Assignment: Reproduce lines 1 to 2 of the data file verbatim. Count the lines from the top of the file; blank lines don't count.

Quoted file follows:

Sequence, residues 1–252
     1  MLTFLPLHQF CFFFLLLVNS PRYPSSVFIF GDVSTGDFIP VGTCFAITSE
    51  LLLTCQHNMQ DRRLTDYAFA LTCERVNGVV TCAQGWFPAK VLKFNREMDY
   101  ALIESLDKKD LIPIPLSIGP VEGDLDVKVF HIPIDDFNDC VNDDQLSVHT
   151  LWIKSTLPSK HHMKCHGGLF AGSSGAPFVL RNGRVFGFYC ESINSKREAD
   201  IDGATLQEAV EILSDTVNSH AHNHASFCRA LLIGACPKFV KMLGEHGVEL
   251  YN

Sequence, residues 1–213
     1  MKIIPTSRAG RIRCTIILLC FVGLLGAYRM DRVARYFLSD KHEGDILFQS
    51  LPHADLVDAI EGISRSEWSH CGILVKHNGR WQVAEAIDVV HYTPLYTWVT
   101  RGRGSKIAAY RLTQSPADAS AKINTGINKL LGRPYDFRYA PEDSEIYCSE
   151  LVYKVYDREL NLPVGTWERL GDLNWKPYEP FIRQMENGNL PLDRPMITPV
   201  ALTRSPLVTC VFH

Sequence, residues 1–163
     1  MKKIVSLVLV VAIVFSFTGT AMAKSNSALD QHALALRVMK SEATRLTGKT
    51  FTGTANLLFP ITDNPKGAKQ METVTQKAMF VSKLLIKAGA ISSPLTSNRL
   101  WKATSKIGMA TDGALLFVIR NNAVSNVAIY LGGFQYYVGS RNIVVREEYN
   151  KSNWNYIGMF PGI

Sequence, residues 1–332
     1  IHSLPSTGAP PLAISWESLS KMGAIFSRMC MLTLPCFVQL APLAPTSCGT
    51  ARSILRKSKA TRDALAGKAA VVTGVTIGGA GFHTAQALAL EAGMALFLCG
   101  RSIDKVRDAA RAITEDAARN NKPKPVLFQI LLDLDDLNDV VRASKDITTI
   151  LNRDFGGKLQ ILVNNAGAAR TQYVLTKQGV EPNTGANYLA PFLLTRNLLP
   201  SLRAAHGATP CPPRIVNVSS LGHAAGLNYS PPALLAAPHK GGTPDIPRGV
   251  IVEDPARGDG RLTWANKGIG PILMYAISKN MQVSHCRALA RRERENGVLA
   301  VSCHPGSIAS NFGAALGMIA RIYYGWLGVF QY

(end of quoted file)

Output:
Sequence, residues 1–252
     1  MLTFLPLHQF CFFFLLLVNS PRYPSSVFIF GDVSTGDFIP VGTCFAITSE